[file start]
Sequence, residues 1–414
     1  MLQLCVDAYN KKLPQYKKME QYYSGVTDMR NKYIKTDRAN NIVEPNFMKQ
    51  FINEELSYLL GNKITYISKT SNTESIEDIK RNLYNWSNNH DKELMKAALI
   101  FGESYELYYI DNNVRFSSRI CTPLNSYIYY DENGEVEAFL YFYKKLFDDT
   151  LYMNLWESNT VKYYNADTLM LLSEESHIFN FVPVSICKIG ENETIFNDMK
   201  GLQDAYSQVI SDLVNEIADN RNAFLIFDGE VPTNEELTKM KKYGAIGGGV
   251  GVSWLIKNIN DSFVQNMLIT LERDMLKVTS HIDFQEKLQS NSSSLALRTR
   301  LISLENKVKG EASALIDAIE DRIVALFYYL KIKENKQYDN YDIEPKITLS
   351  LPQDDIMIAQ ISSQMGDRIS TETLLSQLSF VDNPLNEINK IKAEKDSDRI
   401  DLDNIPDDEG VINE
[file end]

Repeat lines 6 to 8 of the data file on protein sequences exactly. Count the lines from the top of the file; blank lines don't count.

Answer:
   201  GLQDAYSQVI SDLVNEIADN RNAFLIFDGE VPTNEELTKM KKYGAIGGGV
   251  GVSWLIKNIN DSFVQNMLIT LERDMLKVTS HIDFQEKLQS NSSSLALRTR
   301  LISLENKVKG EASALIDAIE DRIVALFYYL KIKENKQYDN YDIEPKITLS